Restricted Adversaries

In this section, we assume the following about the adversary Eve:

- Eve is limited to single photon measurements, but can perform any such measurement without errors.
- Eve can determine the number of photons in a pulse, and can separate out single photons from a pulse without disturbing their state.
- Eve has no quantum memory, all her measurements are completed before the bases are announced.
- Eve can replace the fiber between Alice and
Bob by a more transparent one. For simplicity, we in fact assume
that she can replace it by a perfect fiber.
^{2} - Eve cannot influence the physical setup of Alice or Bob's apparatus. For instance in our experiment, there is a non negligible probability that a photon injected into Bob's apparatus will be lost before it reaches the detectors, or will be measured incorrectly - we assume that Eve cannot remove these losses and errors.

Once one has chosen not to assume a completely unbounded adversary -
as we do here - it is always debatable *which* restrictions one
should place on Eve, and we do not claim to have the only reasonable
answer to this. We have tried to be quite generous to Eve compared to
today's technology, but at the same time we have tried to avoid
assumptions that seem to us to be unnatural or unnecessarily generous.
In particular, the first two assumptions are long shots given today's
state-of-the-art cavity QED experiments, where quantum non-demolition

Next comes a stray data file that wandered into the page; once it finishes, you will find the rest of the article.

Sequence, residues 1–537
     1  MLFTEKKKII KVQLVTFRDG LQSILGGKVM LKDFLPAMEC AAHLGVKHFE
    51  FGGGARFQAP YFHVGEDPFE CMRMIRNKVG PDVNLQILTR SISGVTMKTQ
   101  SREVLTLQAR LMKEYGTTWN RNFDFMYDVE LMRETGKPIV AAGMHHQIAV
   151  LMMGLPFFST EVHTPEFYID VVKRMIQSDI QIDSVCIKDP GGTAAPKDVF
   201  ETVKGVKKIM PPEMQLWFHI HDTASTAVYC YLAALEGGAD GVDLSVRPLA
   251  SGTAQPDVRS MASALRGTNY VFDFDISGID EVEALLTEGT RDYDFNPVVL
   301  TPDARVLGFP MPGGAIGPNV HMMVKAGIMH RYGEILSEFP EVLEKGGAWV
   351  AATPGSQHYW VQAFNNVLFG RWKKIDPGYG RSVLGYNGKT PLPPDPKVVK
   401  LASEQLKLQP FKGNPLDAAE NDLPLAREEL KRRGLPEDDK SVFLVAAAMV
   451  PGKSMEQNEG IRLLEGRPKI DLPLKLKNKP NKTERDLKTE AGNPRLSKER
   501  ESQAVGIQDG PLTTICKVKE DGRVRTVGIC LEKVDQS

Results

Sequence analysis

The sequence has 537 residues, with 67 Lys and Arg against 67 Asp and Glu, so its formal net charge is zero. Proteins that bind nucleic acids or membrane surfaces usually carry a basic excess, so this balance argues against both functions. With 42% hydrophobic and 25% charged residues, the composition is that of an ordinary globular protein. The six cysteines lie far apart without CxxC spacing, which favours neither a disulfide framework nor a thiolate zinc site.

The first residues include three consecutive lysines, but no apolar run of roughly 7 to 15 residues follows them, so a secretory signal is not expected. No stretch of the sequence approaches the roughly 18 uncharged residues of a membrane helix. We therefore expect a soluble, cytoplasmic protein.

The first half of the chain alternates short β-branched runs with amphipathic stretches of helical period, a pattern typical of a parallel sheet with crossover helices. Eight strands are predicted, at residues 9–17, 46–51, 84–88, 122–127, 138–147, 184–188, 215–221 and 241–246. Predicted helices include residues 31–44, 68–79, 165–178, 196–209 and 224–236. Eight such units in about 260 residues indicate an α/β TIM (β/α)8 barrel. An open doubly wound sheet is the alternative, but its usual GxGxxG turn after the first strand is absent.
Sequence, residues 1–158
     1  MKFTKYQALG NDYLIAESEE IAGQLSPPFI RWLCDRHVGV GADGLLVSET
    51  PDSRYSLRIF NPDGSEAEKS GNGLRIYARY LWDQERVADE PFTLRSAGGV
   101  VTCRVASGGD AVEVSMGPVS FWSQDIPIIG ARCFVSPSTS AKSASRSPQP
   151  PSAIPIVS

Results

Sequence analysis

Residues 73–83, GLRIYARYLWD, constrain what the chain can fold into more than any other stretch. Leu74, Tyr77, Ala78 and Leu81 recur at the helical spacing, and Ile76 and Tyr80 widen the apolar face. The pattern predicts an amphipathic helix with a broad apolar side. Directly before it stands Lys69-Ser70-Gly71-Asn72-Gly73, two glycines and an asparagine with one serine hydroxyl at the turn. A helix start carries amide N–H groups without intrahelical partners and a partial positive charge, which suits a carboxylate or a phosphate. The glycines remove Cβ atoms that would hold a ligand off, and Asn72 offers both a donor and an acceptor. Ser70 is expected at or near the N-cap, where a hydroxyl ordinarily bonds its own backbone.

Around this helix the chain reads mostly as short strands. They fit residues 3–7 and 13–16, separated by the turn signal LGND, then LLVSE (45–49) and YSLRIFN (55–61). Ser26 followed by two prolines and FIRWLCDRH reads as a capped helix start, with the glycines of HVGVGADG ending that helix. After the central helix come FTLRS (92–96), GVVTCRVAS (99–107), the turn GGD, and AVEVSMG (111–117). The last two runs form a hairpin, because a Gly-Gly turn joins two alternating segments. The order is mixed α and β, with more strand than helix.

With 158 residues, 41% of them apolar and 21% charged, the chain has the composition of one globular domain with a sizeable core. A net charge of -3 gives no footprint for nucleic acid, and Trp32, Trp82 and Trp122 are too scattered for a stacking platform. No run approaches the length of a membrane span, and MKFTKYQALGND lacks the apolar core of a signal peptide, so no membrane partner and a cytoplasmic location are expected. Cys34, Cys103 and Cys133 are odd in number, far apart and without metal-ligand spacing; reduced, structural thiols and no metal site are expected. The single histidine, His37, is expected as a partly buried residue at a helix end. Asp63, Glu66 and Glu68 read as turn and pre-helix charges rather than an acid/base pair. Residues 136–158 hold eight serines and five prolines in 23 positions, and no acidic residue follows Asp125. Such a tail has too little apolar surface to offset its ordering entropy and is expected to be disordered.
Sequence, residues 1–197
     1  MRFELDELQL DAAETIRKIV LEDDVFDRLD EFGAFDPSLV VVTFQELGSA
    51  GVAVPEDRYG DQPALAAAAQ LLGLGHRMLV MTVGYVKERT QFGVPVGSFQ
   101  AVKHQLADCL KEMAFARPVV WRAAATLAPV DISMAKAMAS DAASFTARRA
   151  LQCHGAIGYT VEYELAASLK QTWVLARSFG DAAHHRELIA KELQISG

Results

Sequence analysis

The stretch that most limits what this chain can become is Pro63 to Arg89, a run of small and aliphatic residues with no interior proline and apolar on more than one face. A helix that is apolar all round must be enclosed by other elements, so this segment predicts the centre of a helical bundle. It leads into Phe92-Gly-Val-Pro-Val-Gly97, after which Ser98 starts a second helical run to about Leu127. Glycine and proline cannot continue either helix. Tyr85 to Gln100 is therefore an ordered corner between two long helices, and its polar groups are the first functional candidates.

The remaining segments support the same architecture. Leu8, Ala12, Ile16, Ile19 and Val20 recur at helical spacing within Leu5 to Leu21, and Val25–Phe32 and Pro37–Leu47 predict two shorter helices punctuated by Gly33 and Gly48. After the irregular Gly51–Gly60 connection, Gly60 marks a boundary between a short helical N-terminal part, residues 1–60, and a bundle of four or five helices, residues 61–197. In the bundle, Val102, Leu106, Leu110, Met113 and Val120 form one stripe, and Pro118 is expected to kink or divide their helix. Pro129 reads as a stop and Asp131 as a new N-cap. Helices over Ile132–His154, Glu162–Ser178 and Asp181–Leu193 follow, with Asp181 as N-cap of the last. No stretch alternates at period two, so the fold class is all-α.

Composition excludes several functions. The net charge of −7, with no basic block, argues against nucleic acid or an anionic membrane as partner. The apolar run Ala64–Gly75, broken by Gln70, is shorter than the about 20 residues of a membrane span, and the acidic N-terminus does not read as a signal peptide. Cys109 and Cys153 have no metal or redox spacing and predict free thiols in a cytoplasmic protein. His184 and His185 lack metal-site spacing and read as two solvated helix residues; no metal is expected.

measurements on single photons are carried out. However by development
of the existing technology they may become feasible in the near
future. We also do not expect Eve to perform collective attacks, which
require a quantum computer of some sort. The third assumption denies
Eve' ability to store photons in an unknown quantum state. Even though
proposals for quantum memory exist in the literature, none of them
seems to assume memory time longer than a fraction of a second. It is
always possible to wait with the announcement of the basis for that
long time and therefore we discard the quantum memory feature. Our
last assumption is the main difference between our analysis and the
less optimistic one from Brassard et al. [3], where it is
assumed that Eve can somehow make Bob detect photons perfectly.

In the following, we analyze which attacks Eve may launch on various types of pulses sent by Alice, under the constraints we assumed. Then we put this together, to see what the maximal damage is that Eve can do. Of course, the goal of Eve will all the time be to obtain as much information as possible about the bits sent, while causing as little disturbance on the signal as possible. In particular, Eve must make sure that the error rate and size of the raw key is close to what Alice and Bob expects, since otherwise they will abandon this run of the protocol. For simplicity, we will focus on what happens asymptotically for long keys.

By the *raw key*, we mean in the following the bit string as sent
by Alice after she has removed the bits for which Bob did not detect
the corresponding pulses or measured in the wrong basis.